HOWTO: Diff PDFs pixel-by-pixel on the command line

There was a major order in the Uber class action case today: the class was certified, which means that the suit can be on behalf of 160,000 drivers, instead of just the handful putting their names on the documents. Big deal!

Then a few minutes later, the court issued an amended version of the order, but didn’t release a changelog. How is a reader to know which parts are worth looking at?

There are a lot of ways to solve this problem, but I wanted one that would work on the command line, that wouldn’t require much in the way of unusual software (or Adobe), and that wouldn’t depend on having the text embedded in the PDF. Court PDFs usually do have text, but it’s a little unreliable, and in this case the documents were so close that I could compare the pixels of one to the other.

I googled around a bit, and here’s the workflow I decided to follow, adapted from this Stack Overflow question’s answers. It assumes you have pdftk and imagemagick installed.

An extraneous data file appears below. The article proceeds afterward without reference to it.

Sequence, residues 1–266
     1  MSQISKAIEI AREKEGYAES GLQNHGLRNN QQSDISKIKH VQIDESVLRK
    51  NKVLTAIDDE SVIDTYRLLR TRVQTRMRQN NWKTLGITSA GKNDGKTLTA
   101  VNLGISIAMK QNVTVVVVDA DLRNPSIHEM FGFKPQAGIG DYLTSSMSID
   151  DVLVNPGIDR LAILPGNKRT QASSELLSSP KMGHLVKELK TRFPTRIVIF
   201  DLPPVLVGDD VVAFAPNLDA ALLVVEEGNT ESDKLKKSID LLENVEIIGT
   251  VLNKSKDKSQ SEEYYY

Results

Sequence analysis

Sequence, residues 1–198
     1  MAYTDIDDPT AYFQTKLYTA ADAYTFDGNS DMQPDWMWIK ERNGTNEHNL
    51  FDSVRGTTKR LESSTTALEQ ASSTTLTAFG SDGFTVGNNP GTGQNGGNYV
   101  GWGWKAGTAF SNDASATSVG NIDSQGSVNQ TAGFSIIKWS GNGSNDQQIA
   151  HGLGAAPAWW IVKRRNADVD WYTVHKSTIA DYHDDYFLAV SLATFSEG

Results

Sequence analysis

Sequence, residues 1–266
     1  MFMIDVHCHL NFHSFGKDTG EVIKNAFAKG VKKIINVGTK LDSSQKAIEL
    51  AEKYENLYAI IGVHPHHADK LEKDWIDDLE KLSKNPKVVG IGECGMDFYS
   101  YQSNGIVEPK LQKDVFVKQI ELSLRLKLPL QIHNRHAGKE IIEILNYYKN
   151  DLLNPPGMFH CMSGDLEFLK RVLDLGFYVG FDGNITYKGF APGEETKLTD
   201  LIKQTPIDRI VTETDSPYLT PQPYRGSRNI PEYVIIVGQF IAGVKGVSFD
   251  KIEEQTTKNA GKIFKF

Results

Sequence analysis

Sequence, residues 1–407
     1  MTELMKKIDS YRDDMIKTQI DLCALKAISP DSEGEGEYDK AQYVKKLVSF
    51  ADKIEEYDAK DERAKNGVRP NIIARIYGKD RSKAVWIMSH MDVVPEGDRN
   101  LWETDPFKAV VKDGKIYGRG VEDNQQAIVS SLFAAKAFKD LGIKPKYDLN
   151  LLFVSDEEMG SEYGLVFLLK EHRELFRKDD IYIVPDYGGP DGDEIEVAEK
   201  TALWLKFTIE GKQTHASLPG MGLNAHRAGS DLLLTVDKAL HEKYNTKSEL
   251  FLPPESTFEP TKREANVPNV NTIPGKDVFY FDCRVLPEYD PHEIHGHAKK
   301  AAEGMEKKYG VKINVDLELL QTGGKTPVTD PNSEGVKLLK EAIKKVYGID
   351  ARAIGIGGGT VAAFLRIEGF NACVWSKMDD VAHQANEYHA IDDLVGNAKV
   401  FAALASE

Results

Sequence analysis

• Put both PDFs, file1 and file2, in one directory by themselves, and make a subdirectory called /out for temporary output.
  • Split, or “burst”, each PDF into its component pages with pdftk, and put those pages in the /out directory.
  • Use a bash loop to run imagemagick‘s compare feature over each pair of pages from file1 and file2, creating a new page for each that just contains the differences highlighted in red.
  • Again using pdftk, merge all of those diff pages back into one document that uses the original as the background.

In code, that looks like this:

pdftk file1.pdf burst out/file1---page%03d.pdf
pdftk file2.pdf burst out/file2---page%03d.pdf
for i in {001..###}; do compare out/file1---page$i.pdf out/file2---page$i.pdf -compose src out/file1--file2--diff---page$i.pdf; done
pdftk out/file1--file2--diff*.pdf cat output diff.pdf
pdftk diff.pdf multibackground file1.pdf output compositediff.pdf